Whether you are buying your first pair of prescription eyeglasses or getting a new pair, it is essential that you get a pair that sits comfortably on the bridge of your nose and is light but firm behind the ears. Getting the right frame size will ensure this comfort. It does not matter if you require the glasses only to read or when using the computer, it must be comfortable.
When purchasing them from a store, make sure you try out a number of frames to find the one that feels just right. Even though the optician is able to tweak and bend the frame to fit in well, do not depend on that when the frame is too tight or too loose. One good way of checking this out is by looking down your glasses to see if they slide down your nose or if there is undue pressure on the back of your ears.
Your current prescription will have 3 columns:
Sphere – this is abbreviated as SPH. and is further divided into 2 rows, left and right. This could also read OD (for right eye) and OS (for the left eye).
Cylindrical – the often used abbreviation for this is CYL. There will be 2 rows of left and right for this as well.
Axis – there isn’t any abbreviation for this and you can get the numbers off the 2 right and left rows for this too.
Any time you are filling your eyeglass prescription online, you will be required to fill in these numbers to determine how the lenses will be carved. Other than these, there is one more number that is essential to getting your eyeglass dimension right and that is the Pupillary Distance or the PD.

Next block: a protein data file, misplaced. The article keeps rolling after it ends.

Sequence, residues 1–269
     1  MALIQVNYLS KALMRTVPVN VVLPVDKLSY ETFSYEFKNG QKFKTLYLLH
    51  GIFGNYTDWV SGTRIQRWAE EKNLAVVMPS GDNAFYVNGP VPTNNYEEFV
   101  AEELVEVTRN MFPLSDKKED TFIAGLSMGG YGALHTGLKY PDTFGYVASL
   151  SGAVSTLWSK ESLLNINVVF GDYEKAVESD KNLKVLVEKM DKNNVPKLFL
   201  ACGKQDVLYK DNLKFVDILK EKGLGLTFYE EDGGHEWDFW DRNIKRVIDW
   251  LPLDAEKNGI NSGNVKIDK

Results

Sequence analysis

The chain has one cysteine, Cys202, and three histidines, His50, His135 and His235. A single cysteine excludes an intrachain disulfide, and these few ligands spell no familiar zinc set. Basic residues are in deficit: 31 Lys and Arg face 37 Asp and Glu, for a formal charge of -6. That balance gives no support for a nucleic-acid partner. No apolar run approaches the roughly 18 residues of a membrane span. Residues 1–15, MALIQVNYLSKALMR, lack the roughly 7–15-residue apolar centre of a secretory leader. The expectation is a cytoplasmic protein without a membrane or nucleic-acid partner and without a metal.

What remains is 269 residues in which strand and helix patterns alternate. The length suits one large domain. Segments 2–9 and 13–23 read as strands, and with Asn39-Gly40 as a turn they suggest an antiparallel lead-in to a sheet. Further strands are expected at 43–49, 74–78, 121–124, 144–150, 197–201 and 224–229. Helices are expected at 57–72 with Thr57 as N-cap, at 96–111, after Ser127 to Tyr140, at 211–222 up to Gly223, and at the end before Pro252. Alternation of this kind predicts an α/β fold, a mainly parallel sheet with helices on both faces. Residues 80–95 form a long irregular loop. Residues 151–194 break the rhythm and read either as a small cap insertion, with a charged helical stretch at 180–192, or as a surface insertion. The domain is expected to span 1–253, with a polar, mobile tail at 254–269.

This is the distance between the centre of the pupils of both your eyes and is measured in millimetres. This will determine exactly where the lens goes in your eyeglass frames in order to ensure that your point of focus when using the glasses is through the optical centre. If you need a high lens power, the accuracy of this number is vital. Most adults have this number ranging between 54 to 68 millimetres.
There is one other dimension that isn’t critical but helps you choose a well-fitting pair. This is the temple length. This is a measurement that begins from the curve of the side bars to the end of the temple including the curve. You could measure it yourself with a measuring tape; if you do not have one in mm, simply measure it to the nearest whole inches and then multiply by 25.4. On an average, for men, it would range from 135 to 145 millimetres and for women, 130 to 140 millimetres. Sometimes you may even find a bridge size mentioned on your prescription.
Such is the design of glasses these days that a lot of the above is taken into account, even with fashion brands such as Ray Ban sunglasses, however, armed with all these dimensions you are bound to get a pair of eyeglasses that fits really well and make using them a delight every day!